What exactly did they say that ruined their career? At a concert in London, lead singer Natalie Maines remarked, "Just so you know, we're on the good side with y'all. We do not want this war, this violence. And we're ashamed the President of the United States is from Texas." Seriously... that's it?! She later apologized--no doubt to save her career--but the group was already paying a price:
"One of the most popular acts in the country became its most hated. Its music was banned from radio, CDs were trashed by bulldozers, and one band member's home was vandalized... It was a classic case of freedom of speech meeting the irrational repercussions of that speech."
None of their subsequent songs ranked well on the charts, but "Not Ready to Make Nice," which details all they've endured, is one of the most downloaded songs on the Internet.
When asked why she would risk insulting the audience that gave her fame, Maines says,
"It just goes back to the answer that we don't make decisions based on that. We don't go, 'OK, our fans are in the red states.' So I'm gonna play a red, white and blue guitar and put on my I Love Bush T-shirt... we're not like that because we're not politicians. We're musicians."
The Dixie Chicks prize honesty above all else, both in their music and in their concert presentations of it. "That's what music is," Maines explains. "That's what the music I always admired and liked was. I saw no honesty in people being safe or opinionless. I always loved the music that was about something."
As citizens of the United States of America, every one of us deserves to develop and voice our political beliefs. Only politicians should be bound to constituents. Only politicians should have to bear repercussions for their political statements. For the rest of us, our careers have nothing to do with our politics. Actress Kerry Washington has received blowback for her political involvement--including death threats--but she refuses to be deterred. Washington says,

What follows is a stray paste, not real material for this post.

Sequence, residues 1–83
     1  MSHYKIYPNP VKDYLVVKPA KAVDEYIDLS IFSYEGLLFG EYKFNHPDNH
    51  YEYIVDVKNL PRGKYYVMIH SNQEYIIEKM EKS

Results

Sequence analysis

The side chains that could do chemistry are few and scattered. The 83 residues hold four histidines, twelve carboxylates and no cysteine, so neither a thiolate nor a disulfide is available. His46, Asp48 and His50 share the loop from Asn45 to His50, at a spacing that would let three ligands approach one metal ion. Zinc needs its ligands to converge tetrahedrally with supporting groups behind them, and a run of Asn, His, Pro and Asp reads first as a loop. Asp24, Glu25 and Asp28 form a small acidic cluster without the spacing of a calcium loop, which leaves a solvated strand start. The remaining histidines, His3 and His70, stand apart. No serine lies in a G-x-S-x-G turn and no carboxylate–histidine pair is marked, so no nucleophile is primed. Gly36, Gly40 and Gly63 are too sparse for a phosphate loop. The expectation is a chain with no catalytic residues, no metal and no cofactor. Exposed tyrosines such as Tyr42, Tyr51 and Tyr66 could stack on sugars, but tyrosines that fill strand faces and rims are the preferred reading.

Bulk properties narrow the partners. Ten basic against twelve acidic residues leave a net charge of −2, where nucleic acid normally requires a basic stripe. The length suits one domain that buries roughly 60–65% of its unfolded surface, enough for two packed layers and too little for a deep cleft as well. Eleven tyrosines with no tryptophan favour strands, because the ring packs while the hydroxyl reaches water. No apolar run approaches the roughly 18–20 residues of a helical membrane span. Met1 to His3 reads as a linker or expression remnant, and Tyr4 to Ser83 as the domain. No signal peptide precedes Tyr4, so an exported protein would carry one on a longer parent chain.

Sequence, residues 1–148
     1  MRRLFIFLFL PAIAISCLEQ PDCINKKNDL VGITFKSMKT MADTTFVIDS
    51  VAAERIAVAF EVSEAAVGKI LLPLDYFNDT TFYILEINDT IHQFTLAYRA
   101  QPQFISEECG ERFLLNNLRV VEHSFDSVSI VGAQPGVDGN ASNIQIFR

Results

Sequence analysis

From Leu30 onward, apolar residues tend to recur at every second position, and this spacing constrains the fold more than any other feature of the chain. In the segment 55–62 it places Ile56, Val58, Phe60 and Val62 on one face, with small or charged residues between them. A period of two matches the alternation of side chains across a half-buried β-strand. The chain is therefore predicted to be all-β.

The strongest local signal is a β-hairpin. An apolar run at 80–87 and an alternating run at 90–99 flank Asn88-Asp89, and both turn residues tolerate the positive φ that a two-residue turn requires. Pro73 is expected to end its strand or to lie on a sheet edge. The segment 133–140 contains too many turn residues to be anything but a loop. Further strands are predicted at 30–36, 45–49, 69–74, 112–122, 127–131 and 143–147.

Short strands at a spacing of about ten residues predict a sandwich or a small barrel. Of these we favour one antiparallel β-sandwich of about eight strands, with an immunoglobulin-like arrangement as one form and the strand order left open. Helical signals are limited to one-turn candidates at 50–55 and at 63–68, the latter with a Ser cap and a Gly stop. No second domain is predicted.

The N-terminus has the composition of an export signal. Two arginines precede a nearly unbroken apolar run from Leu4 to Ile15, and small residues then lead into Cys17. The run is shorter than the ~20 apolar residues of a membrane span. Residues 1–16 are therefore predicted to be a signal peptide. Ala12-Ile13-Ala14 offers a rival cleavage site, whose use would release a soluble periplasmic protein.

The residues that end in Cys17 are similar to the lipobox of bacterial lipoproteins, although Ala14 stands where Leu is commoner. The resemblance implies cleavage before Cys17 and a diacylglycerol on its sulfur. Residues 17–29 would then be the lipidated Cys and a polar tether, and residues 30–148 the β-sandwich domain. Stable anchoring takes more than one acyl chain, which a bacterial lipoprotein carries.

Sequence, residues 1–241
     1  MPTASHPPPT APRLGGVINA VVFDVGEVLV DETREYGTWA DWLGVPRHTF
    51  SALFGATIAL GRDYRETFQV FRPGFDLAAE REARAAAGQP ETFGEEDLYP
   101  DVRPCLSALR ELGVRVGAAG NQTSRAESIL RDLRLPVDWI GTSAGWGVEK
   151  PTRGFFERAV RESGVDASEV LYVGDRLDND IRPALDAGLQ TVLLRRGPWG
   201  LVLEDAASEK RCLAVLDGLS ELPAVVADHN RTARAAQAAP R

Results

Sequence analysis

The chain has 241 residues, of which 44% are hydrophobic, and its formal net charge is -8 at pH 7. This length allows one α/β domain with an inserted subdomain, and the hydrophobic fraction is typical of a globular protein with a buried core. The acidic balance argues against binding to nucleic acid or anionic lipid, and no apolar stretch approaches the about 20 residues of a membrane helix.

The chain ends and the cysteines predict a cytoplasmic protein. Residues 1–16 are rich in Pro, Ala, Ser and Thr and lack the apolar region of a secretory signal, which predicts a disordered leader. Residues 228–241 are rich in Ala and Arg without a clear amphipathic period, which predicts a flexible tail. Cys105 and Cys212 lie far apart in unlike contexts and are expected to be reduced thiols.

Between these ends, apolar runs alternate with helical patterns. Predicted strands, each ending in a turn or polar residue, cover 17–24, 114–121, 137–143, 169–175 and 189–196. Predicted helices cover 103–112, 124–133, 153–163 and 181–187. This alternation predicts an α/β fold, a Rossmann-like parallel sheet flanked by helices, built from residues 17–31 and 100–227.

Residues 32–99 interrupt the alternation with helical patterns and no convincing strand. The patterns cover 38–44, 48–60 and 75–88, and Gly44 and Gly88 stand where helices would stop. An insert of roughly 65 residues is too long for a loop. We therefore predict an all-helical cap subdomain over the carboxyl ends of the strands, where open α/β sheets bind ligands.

"It's important for me to be clear that I don't engage politically because I'm in the public eye. I actually made a promise to myself early on that I would not stop because I was in the public eye, because I feel like it's my responsibility as an American to be engaged. If my participation encourages other people to participate, no matter what party, I'm glad, because that's democracy."
Let's return to the democratic values our country was founded on and stop penalizing the Dixie Chicks for preserving their belief, however unpopular at the time, that the Iraq War and the violence it caused was un-American. In 2008, 63 percent of the public agreed with Maines's views; today 53 percent see the Iraq War as a mistake. These statistics demonstrate the irrationality of the Dixie Chicks' case: the crime certainly did not fit the punishment. People in the entertainment industry are not politicians. They should not be chained to a constituency. They are, however, Americans and they should be able to engage in the democracy they are a part of without sacrificing their careers and depriving fans of their art.